Nov 25, 2008

Cloud Computing with Dave Thomas

Tonight was the night for the normal ALT.NET user group meeting and since Dave Thomas was in town and wanting to speak to the Sydney user groups we combined with the Sydney Java User Group, SyXPAC and the Scrum user groups to have a listen to what Dave had to say about cloud computing in return for a small plug about the JAOO conference (pronounced something like yao) being organised for next year.

It turned out that having 4 groups combined meant there were probably well over 100 people there and Dave gave an entertaining and opinionated view of what's happening in the cloud space and his thoughts on where things are going from here on in.

Here's a few things/thoughts I noted from the presentation:

  • Development as it exists today is getting more and more complex. The client/server computing model sucks and the industry is moving back toward a centralised computing model.  Why? Because it's just sooo much simpler.  Distributed computing is just too hard.
  • Cloud computing simplifies the equation because all that plumbing stuff is abstracted into a simple service based API.  And it has to be otherwise you can't scale it.
  • Relational databases are going to die off (eventually).  OR/M and other such approaches that effectively are wrappers for CRUD development are going to disappear as well.  SQL databases just can't handle the size and distribution needed for cloud computing - dynamic data storage mechanisms are required.
  • Javascript is going to be the lingua-franca for most development. Javascript isn't great but it's "just (only just) good enough" for the job and it has an incredibly massive installed user base - the run anywhere promise of java is a reality with javascript.  A lot of work is being done to make the javascript VM's incredibly fast as well.
  • Functional programming is the only way to deal with massively parallel computation.  The functional programming additions to C# are good, but shoehorning functional concepts into a language complicates it.  Better to use a specific language for a specific task (I couldn't help but thinking of F# here).
  • The need for people who can solve complex problems and do so efficiently is going to increase.  The graduate developer pool is decreasing and the educational institutions have dumbed down their curriculums so new developers are going to be ill equipped for what's ahead.
  • He made an interesting comment that he thought Java was pretty much dead (though he didn't outright say it, but the comparisons to cobol throughout the presentation were amusing) as Sun are not pushing the language forward. Microsoft, on the other hand, are doing a credible job in modernising their application development platform.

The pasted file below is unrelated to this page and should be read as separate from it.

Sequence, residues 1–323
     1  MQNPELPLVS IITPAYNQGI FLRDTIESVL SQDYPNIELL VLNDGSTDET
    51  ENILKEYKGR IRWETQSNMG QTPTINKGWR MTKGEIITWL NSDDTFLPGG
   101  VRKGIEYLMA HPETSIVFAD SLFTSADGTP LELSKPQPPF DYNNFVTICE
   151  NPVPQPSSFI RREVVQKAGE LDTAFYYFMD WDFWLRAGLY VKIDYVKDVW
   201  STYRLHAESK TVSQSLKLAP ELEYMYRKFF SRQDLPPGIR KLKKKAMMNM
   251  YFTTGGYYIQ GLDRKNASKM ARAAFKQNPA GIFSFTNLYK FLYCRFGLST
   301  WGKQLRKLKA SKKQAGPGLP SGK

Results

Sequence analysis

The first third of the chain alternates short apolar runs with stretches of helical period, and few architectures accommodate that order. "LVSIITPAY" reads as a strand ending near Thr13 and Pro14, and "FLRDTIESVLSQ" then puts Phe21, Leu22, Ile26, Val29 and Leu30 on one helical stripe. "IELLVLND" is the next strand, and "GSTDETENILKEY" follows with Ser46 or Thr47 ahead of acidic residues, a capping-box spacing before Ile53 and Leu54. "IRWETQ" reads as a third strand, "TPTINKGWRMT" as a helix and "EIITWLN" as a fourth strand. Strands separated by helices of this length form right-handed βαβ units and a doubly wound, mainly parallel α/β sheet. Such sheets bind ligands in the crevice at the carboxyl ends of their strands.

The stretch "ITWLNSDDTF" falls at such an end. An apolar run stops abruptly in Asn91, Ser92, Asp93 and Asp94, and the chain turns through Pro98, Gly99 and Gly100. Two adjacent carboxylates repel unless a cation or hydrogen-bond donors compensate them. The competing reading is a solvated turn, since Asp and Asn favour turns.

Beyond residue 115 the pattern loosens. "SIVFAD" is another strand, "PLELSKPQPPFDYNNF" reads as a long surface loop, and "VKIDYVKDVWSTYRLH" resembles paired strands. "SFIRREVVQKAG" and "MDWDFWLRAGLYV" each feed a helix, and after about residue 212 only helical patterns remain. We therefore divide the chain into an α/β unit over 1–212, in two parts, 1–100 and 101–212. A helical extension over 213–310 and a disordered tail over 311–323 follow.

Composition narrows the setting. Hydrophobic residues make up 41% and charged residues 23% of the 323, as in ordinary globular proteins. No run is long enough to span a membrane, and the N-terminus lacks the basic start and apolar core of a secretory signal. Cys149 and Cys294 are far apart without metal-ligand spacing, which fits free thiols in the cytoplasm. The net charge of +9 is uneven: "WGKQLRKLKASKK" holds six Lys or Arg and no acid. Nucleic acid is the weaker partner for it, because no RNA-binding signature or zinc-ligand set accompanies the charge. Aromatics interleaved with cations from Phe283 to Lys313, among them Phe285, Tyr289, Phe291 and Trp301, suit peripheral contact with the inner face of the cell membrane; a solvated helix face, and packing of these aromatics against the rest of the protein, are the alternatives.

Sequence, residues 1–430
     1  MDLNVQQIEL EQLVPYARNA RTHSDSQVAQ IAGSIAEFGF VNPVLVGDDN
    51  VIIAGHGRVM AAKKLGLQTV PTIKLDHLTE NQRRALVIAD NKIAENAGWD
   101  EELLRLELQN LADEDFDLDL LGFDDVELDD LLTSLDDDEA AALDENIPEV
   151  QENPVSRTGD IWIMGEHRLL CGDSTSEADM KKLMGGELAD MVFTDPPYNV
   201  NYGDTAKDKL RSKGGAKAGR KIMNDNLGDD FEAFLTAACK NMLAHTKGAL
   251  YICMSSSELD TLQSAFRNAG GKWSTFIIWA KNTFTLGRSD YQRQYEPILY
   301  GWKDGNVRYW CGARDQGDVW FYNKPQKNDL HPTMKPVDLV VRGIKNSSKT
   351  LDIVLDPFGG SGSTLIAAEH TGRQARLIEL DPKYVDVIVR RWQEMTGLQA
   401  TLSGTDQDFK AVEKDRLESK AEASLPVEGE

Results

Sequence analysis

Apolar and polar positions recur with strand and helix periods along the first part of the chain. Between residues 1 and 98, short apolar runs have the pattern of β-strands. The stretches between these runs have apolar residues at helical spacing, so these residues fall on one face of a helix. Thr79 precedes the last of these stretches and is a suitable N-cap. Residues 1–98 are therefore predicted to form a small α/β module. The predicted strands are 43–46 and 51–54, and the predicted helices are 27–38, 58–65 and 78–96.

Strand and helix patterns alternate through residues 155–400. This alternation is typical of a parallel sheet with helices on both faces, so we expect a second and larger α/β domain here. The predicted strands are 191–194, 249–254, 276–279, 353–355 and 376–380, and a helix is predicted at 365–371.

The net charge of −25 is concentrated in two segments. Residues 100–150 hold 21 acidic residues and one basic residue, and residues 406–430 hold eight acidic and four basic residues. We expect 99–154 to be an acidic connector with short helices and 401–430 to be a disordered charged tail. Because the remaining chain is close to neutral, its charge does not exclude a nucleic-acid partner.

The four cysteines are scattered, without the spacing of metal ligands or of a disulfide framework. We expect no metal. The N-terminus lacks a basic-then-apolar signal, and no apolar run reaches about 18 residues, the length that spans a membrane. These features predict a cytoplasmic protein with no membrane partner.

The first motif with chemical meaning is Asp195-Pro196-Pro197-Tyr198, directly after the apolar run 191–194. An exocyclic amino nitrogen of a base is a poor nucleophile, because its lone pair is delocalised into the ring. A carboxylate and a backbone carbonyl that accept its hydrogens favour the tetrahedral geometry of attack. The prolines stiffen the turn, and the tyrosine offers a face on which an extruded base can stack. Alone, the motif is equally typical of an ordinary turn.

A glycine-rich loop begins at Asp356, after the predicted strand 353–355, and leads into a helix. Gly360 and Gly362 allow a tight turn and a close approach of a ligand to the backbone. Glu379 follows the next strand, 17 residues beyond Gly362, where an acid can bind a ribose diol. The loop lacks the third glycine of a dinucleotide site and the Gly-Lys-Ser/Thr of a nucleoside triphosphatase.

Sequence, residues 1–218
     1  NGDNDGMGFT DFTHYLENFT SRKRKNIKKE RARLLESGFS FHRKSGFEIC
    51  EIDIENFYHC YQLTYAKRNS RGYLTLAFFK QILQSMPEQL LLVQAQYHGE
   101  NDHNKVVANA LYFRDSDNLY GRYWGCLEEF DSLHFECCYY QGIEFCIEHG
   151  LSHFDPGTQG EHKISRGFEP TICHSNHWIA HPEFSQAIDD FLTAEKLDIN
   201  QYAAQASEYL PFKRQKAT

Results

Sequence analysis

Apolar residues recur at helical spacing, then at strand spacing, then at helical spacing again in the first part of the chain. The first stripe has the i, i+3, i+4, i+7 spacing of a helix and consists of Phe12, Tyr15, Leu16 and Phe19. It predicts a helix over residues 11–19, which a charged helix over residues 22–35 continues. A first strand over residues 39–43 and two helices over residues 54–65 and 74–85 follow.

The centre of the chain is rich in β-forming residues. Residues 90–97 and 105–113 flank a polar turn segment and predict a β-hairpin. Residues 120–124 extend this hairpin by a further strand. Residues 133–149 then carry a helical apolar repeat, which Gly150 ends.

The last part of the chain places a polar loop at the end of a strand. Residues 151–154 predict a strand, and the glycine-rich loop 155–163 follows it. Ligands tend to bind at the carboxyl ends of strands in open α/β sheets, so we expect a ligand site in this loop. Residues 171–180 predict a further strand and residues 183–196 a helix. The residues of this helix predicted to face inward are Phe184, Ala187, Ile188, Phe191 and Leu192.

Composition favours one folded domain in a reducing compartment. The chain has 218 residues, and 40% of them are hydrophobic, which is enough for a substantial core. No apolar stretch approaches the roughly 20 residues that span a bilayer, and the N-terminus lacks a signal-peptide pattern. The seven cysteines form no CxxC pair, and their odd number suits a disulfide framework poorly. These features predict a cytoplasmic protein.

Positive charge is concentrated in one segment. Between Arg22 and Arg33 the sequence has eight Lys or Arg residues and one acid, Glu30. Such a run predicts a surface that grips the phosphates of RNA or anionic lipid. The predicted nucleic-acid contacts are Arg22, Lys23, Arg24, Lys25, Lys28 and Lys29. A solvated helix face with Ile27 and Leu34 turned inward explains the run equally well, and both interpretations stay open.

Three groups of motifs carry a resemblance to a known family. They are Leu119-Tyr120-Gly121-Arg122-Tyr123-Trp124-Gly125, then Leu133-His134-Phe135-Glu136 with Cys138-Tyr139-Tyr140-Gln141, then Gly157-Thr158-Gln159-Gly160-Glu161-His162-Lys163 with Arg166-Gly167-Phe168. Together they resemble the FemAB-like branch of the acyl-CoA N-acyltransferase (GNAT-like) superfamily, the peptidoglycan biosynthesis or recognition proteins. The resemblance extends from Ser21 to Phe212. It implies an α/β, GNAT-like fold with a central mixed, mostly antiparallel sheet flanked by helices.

• Microsoft Azure & Live Mesh both got a plug.  In fact he singled out Mesh as a great synchronisation platform for dealing with occasionally connected clients.

There were a number of other things he mentioned during the talk as well which are great food for thought and I'll need to let some if it settle in my head before forming my own opinion on it.  Overall, I thought it was an excellent evening and enjoyed getting outside the Microsoft bubble, meeting some people from the "other" development communities and to hear some opinions on application development from a completely different view point.

Oh and best of all, I think it confirmed to me that the Microsoft platform is a great bet going forward for application development - even in the cloud, although I think I'll have to spend some time and learn some serious F# & Javascript skills :-)

Nov 11, 2008

Certified Scrum Master Will Now Require More Than Just Sitting a Class

One of the big gripes people have about the CSM (Certified Scrum Master) accreditation is that you can get your CSM simply by attending a 2 day training session.  You could all but sleep through the course and still be certified.

Well, that's all about to change.  I had a heads up on this earlier this year and all I could say then was "Hallelujah!".  My feelings now are still the same.  It's a long overdue improvement to the certification process to require proof of knowledge and understanding by people being certified.

The process itself will be fairly simple - a straight up multiple choice exam, but at least it ensures that people now have a minimum guaranteed level of understanding and that can only help improve the strength and integrity of the certification process overall.  It's not a complete answer to the certification process but it's a step in the right direction, and that's what agile is all about :-)

InfoQ also has some thoughts on this at

Stop Team Explorer Trying to Connect on Starting Visual Studio

Many thanks to Rob Sanders for pointing this one out.

If you're a road warrior like me and you aren't always connected to a Team Foundation Server then you probably want to stop Team Explorer's default behaviour of trying to connect to TFS when starting Visual Studio.  Waiting for Team Explorer to time out before realising that you really aren't connected to a network can be extremely annoying.

So whip out regedit and go do the following:

Add a DWORD value called AutoLoadServer under HKEY_CURRENT_USER\Software\Microsoft\VisualStudio\8.0\TeamFoundation and set the value to 0.

This will fix the behaviour in Visual Studio 2005.  For Visual Studio 2008 use the ...\VisualStudio\9.0... keys instead.


Yay! Freedom at last! :-)

Nov 10, 2008

Presenting in Wollongong this Wednesday, Nov 12

For those of you in Wollongong (and the deep south of Sydney) I'll be presenting at the Wollongong .NET User Group this Wednesday on Agile Development.  I like my agile sessions to be very interactive so if you're going to be there make sure you bring along your questions and we'll have a great chat and a good, fun evening together.

I'll see you there!

P.S. More details can be found on the user group web site